An otherwise healthy male infant was brought to the hospital because the mother suspected superficial infection at the operative site 5 days after an inguinal hernia repair. He was admitted to the pediatric unit overnight to be evaluated by his surgeon the next morning. When a venous infusion of maintenance fluids was started, the patient immediately went into cardio-respiratory arrest and was pronounced dead after resuscitation efforts failed.
Cardiac air embolism should be suspected in any neonate with acute unexplained cardiovascular collapse or worsening oxygenation. We present here five cases that presented with the above symptoms.
Venous air embolism during identification of the epidural space in children.
Swartz N, Eisenkraft JB. Probable venous air embolism during epidural placement in an infant. Anesth Analg 1993;76:1136–8.
Chang AC, Wells W. Shunt lesions. In: Chung AC, Hanley FL, Wernovsky G, Wassell DL, editors. Pediatric cardiac intensive care. Philadelphia: Saunders, 2005:207–8.
Diagnosis & Treatment
Mirski MA, Lele AV, Fitzsimmons L, Toung TJ. Diagnosis and treatment of vascular air embolism. Anesthesiology. 2007 Jan;106(1):164-77. Review.
Vascular air embolism (VAE) is known since early nineteenth century. It is the entrainment of air or gas from operative field or other communications into the venous or arterial vasculature.
General Review Articles
Gas embolism, the entry of gas into vascular structures, is a largely iatrogenic clinical problem that can result in serious morbidity and even death.1 Since gas embolism can result from procedures performed in almost all clinical specialties (Table 1), it is important for all clinicians to be aware of this problem.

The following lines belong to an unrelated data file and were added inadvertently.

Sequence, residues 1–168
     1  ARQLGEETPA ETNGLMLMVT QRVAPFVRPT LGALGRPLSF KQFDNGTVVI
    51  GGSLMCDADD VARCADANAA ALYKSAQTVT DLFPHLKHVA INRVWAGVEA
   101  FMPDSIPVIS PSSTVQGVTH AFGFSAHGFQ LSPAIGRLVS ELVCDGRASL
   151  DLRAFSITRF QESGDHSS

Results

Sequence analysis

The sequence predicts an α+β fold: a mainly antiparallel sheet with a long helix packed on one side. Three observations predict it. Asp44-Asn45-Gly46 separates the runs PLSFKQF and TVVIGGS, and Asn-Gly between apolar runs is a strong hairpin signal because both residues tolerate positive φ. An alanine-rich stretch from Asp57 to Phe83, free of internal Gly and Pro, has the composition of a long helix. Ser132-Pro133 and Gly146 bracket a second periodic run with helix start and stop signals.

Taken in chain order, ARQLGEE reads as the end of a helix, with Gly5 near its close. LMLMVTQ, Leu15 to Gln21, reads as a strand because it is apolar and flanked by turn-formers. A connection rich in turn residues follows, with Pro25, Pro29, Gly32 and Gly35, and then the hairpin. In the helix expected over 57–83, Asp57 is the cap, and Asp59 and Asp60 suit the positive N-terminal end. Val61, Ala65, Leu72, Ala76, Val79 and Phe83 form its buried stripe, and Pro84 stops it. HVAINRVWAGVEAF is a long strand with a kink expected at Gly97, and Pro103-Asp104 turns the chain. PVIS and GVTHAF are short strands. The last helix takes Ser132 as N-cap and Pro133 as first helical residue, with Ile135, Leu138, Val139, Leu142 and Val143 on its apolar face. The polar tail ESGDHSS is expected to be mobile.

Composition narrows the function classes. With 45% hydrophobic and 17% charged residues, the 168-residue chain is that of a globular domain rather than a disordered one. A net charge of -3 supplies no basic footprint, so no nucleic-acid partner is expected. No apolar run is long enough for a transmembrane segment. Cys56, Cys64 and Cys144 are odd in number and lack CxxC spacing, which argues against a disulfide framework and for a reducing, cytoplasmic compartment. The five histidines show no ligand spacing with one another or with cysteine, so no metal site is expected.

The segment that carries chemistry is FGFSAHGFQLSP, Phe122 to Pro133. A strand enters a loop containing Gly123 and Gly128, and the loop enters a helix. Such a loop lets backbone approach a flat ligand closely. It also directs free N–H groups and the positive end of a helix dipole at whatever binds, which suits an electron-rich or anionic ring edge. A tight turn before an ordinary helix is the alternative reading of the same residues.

When air enters the circulatory system of the human body it can cause an air embolism. Air in the venous circulation will enter the right side of the heart where it may cause right ventricular outflow tract obstruction and acute pulmonary hypertension from pulmonary vasoconstriction.
Venous air embolism causes injury primarily by obstruction of blood flow from the right side of the heart to the left.
Venous air embolism (VAE) is a potential complication of surgical procedures as well as central venous access. There are several reports in the literature of VAE during the in-hospital use and placement of central venous access. However, we are unaware of previous cases of VAE in children who received home infusion therapy via central venous access.
To examine the existing literature concerning venous air embolism. Causes, pathophysiology, and management are emphasized.
Hartveit F, Lystad H, Minken A. The pathology of venous air embolism. Br J Exp Pathol. 1968 Feb;49(1):81-6.
Cardiopulmonary effects of intravenous gas embolism; with special reference to fate of intravascular gas bubbles
Oyama Y, Spencer MP. Cardiopulmonary effects of intravenous gas embolism; with special reference to fate of intravascular gas bubbles. Jpn Circ J. 1971 Dec;35(12):1541-9.
Procedure-related serious adverse events among home hemodialysis patients: a quality assurance perspective